There are also notes regarding the Organization of Piedmontese troops, 1799 - 1801, Organization of Lithuanian forces in 1812, as well as a brief listing of Foreign units in 1815. Phew!

In summary, if you have any interest in these colorful and unique units, whether singularly or collectively, this book would be a most welcome addition to your Napoleonic Library. Fascinating, and highly recommended.


Wednesday, December 14, 2011

"1809: Blunders on the Danube" scenario book now available

I wanted to take the opportunity to formally announce that the 1809 scenario book is now in print and available from Piquet

I'm very pleased with how it came out, and I hope that it will be useful to many of you, both for use with Field of Battle, and also other rules sets (with some adaptation, of course). 

Price:  $35 US; 122 pages, 23 scenarios. Maps in full color.  See the 1809 tab on this blog for many more details.

Good gaming!


Wednesday, December 7, 2011

Battle of Neumarkt, April 24th, 1809

Hiller's wing of the Austrian Hauptarmee became separated from the main body by the battles of Abensberg and Eggmuhl, and he retreated over the Isar at Landshut, A bitter rival of Erzherzog Karl, Hiller decided to turn on his pursuers in an attempt to inflict a significant defeat upon them. He caught Bessieres' command half over the Rott river at Neustadt. In this scenario, Wrede's Bavarian Division, supported by Jaquinot's Light Cavalry Brigade, must delay the Austrian attack long enough for the supporting French Division of Molitor to come up and cover their retreat. This is a quite manageable action for two players, here using Field of Battle rules and one unit for every 400 Cavalry, 600 Infantry or six guns. 

Set up: GM Mesko's Advanced Guard Brigade (foreground) advances on Neumarkt via the main road, whilst a long column of whitecoats under GM Bianchi, screened by the Chevaulegers of FML Vincent's command marches on the Bavarian left (background).

The Allied position after their first MOVE: Jaquinot's LC in the distance, Minucci's Bavarian Brigade in the front, with Bianchi's brigade (I have substituted Baderners and Hessians for Bavarians on the tabletop for this Brigade) move up in support. Neumarkt and the River Rott are to their rear.

Neumarkt itself, with a Bavarian battalion deployed near the cloister of St Veit.

The Austrian 1st Column under FML Reus-Plauen, with  FMLVincent's Chevaulegers in the lead.

GM Mesko's Advanced Guard Brigade.

Accurate fire by the Bavarian foot battery has knocked out the opposing Austrian Cavalry battery as it advances!

Wrede consolidates his position, while the Bavarian Jagers take up a position in the woods that threatens the flank of Reuss-Plauen's long column.

Reuss-Plauen advances boldly in an attempt to crush the Bavarian left and turn Wrede's flank!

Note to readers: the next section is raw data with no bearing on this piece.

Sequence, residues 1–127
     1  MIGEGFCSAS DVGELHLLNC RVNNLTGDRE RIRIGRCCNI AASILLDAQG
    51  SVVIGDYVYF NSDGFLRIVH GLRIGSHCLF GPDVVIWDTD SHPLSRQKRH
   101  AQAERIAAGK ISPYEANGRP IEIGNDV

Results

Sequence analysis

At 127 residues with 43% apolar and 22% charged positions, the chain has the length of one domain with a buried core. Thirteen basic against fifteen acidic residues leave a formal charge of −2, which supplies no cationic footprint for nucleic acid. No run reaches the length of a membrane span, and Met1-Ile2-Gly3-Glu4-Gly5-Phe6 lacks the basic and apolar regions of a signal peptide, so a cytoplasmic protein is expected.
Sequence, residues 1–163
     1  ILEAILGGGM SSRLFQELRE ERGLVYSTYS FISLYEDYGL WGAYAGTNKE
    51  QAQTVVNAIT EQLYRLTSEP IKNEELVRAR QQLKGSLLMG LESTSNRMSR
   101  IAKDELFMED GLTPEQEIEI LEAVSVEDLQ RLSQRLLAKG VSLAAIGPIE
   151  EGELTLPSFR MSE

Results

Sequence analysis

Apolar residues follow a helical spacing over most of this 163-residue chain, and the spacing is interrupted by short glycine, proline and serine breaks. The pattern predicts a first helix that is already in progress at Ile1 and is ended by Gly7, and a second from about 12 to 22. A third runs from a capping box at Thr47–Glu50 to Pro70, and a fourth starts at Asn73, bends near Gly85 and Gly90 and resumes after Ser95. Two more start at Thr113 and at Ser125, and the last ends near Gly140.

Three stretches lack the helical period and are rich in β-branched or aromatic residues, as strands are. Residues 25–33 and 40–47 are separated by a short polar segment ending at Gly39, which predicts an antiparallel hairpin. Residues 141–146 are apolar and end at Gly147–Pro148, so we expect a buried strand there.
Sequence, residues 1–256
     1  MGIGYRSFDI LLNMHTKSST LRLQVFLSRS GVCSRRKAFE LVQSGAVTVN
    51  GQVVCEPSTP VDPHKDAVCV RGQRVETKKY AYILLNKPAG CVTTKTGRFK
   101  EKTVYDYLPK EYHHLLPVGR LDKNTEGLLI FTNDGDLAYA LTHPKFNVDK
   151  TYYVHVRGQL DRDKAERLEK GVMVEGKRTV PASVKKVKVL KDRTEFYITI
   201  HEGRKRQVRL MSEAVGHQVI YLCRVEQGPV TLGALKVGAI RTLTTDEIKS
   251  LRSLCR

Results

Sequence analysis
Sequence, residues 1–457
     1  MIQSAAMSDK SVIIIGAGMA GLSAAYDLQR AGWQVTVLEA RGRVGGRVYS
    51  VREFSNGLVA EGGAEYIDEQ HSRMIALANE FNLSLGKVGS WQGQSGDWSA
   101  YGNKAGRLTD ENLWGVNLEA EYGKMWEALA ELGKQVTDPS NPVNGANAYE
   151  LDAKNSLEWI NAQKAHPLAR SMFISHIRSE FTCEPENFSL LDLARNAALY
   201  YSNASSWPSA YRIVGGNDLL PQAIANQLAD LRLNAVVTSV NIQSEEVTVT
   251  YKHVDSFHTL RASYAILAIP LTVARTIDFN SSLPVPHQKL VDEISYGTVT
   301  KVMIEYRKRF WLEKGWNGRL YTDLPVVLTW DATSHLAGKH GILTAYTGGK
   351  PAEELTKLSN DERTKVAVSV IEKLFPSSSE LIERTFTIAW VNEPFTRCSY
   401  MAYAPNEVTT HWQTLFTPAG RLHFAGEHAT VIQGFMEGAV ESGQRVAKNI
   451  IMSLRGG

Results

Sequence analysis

Mesko keeps the pressure on Bianchi, as the Grenz of his command attack the Bavarian line; one of the Grenz has fallen back in disarray as a result of Bavarian musketry ("Out of Command") - note the "chicken" marker behind them denoting same!

The Bavarians have given some ground in the center, but are now supported by the fresh troops of Becker's brigade

Jaquinot's French Light Cavalry watch the road on the far Allied right...

The Bavarian Jagers have launched a bold (? rash) charge from their woods onto the flank of the Austrian column, but Reus-Plauen has coolly countered the threat with an Austrian battalion guarding the flank of his March columns. Supporting French artillery forces the Austrian Column to deploy before advancing further.

The charge of the Austrian Hussars has routed a Bavarian battalion (seen in a mob moving to the rear), whilst the Grenzer move forward once again.

Casualties litter the field where the Hussars rode down the Bavarian infantry!

The Bavarian Jagers have defeated the Kaiserlick infantry battalion, but are now themselves very precariously placed, with the Chevaulegers now threatening to charge their flank in turn!

Having bought sufficient time, Wrede has pulled back his troops and consolidated his position, as fresh French troops arrive to cover his retreat back across the Rott. 

This scenario was interesting, having the Austrians bear the burden of the attack, and needing to press the Allies in an attempt to crush Wrede before he can organize an effective fighting withdrawal. Barry and I played this one out a year or so ago, and Barry rolled very poorly for the Austrian Leadership die rolls, so the attack was rather slow to develop, and I was able to delay his attack long enough to make good my escape without suffering excessive losses. 

Historically, Hiller resumed his retreat after inflicting a significant check upon Wrede, as no matter what tactical success he might be able to achieve, the strategic reality was that he was isolated on the opposite bank of the Danube from Karl, with only relatively few potential crossing points available between his location  and Vienna! Wrede was given an unenviable position to fight in by the over zealous pursuit of Hiller, as  directed by Marshal Bessieres, but gave a good account of himself on this day, as did his Bavarians. This would seem to give the lie to Naopleon's famously pithy comment about the Bavarian officer folllowing the Battle of Hannau (1813), "Poor Wrede! I could make him a Count... but not a General!"